Published on February 16th, 2014 | by admin
Doctor Who Terror of the Zygons DVD Review
Summary: Whether as stop motion creature or puppet, you can understand how something so delightfully alien and menacing entertained a generation of children in 1975.
Doctor Who Terror of the Zygons
Running Time: 277 Minutes
Reviewer: Rob Mammone
Ask a casual viewer of a certain vintage about Doctor Who and you’ll likely get a smattering of memorial images from a variety of shows. The one with the maggots is The Green Death, or the one with the spiders is Planet of the Spiders.
Terror of the Zygons, the first story from Tom Baker’s second season, is the one with the Loch Ness Monster. But more than that, it is the story with the Zygons, one of the most perfectly realised Doctor Who ‘monster’.
By this point in his run, Tom Baker was firmly ensconced in the role. With Lis Sladen and Ian Marter in tow, this story is the final in a continuous run of adventures that began with Baker’s first story, Robot. New writer to the show Robert Banks Stewart (who had written for The Avengers in the previous decade) was brought in by script editor Robert Holmes to inject new ideas and energy into the series.
Taking his inspiration from the legends of the Loch Ness Monster, and the real world burgeoning of the North Sea oil fields, Stewart concocted a story that is two parts bonkers and one part brilliant. The brilliance comes from the performance of the leads. No matter the contortions of the plot, Tom Baker is always a compelling presence on the screen. The rapport he built with his co-leads, particularly Lis Sladen, shines through in each scene. Nick Courtney, in his last regular appearance as the Brigadier for eight years, puts in a fine performance as a military man beset by strangeness and madness on all sides, at meets them with an almost knowing twinkle in his eye.
It has to be said that Terror of the Zygons, coming in a golden run of wonderful stories, is a second tier Tom Baker story. The direction, by prolific Doctor Who director Douglas Camfield, is exemplary – the moors of Scotland are beautifully portrayed in all their desolate splendour. And one sequence, of a soldier patrolling in a heavy fog, is a lovely vignette of isolated horror. All that said, the script itself is pedestrian – Ian Marter as Harry Sullivan, one of the finest actors to play a companion, is criminally undersold as he is forced to spend most of the middle section either unconscious or captive – only redeemed by his portrayal as his Zygon duplicate.
Stewart’s script unloads the entirety of the Zygon’s background and plot in one scene as Broton (John Woodnut) explains everything to Harry, which does nothing to maintain atmosphere and expectation. The plot itself, to use the Loch Ness Monster (a cybernetically enhanced creature of awesome power) to menace the International Energy Conference on the Thames in London, is one of those delightfully contrived plots that put you in mind of a Rube Goldberg device. If the Zygons have been on Earth for centuries plotting to take over to terraform it for their dispersed comrades, why didn’t they bother to do it when humanity didn’t have the technology to fight back?
Given all this, the story is saved from being forgettable due to a number of features. As mentioned before, the performances by all the participants are spot on. John Woodnut in his other role as the Duke of Forgill, plays the role with such insouciance you almost expect his character to nod off, so bored is he with their fantastic tales. Another highlight is the scene where the duplicate Harry menaces Sarah in a barn with a pitchfork. This scene is a memory your reviewer has carried with him for decades since he first saw it in the 1970s. Marter plays it utterly straight, and the malevolence on his face is truly powerful and frightening.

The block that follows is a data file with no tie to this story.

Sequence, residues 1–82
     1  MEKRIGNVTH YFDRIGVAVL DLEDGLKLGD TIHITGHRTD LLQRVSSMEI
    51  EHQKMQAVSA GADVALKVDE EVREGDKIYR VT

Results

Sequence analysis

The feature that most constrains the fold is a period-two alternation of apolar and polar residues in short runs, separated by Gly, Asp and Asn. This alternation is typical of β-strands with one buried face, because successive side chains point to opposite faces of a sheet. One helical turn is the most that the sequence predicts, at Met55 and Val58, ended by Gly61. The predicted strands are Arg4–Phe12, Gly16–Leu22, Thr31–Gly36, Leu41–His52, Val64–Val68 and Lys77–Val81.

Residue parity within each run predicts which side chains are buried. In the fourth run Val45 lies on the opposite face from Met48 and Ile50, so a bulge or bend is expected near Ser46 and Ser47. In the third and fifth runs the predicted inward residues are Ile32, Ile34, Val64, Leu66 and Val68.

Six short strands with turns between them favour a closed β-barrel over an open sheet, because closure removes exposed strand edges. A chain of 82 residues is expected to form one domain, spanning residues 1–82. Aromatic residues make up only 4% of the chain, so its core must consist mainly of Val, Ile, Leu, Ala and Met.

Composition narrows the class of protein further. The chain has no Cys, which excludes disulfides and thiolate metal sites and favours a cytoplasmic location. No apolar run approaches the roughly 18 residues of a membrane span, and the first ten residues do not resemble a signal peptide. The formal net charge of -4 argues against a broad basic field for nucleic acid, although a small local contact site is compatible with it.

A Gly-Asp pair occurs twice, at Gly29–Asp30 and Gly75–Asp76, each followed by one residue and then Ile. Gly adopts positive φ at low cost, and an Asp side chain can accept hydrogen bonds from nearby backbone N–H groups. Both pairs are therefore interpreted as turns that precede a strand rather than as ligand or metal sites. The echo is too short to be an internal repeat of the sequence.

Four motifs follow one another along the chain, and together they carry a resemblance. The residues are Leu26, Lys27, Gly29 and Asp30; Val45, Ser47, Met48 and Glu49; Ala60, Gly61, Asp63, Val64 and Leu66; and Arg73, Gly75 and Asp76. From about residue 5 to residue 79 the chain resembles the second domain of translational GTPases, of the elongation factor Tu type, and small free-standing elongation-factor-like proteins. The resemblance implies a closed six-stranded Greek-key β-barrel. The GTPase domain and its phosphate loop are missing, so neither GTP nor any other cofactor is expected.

Finally, while the realisation leaves a lot to be desired, especially its appearance in the Thames where the Monster descends to almost The Goodies level of parody, the Loch Ness Monster is a still evocative. Whether as stop motion creature or puppet, you can understand how something so delightfully alien and menacing entertained a generation of children in 1975.
Feature: suffers by being surrounded by better stories, Terror of the Zygons is nonetheless a solid entry in an era of the series where the production team could do no wrong.
Video: the Restoration Team have done their usual excellent work in bringing the video materials up to date. Of special note is the discovery of a deleted scene thought lost forever, now found and re-colourised. Accessed from the menu and viewed with the rest of the episode, it presents a delightful hundred second vignette. There are two brief instances of picture instability – one is due to a dodgy camera used at the time of recording, the other, a video effect overlaid on Broton, is deliberate.
Sound: the score is by Geoffrey Burgon, who also worked on Tinker, Tailor, Soldier, Spy and Brideshead Revisited. As with the video, the materials being used for this DVD are over thirty-five years old, but in the main, remain eminently listenable.
Features: the last regular DVD worked on by the Restoration Team, Terror of the Zygons is packed with the usual complement of extras. Apart from the usual commentaries and photo gallery, there is a long awaited documentary about director Douglas Camfield, a look back at the story’s production and two short looks at Tom Baker and Lis Sladen. Doctor Who has long been in the privileged position of having professionals working on the special features who are also long standing fans of the show. The quality of their work is rightly praised, though infrequently, so your reviewer would be remiss if he didn’t thank them, at the end of their run with the DVDs, for their dedication, talent and love for the show.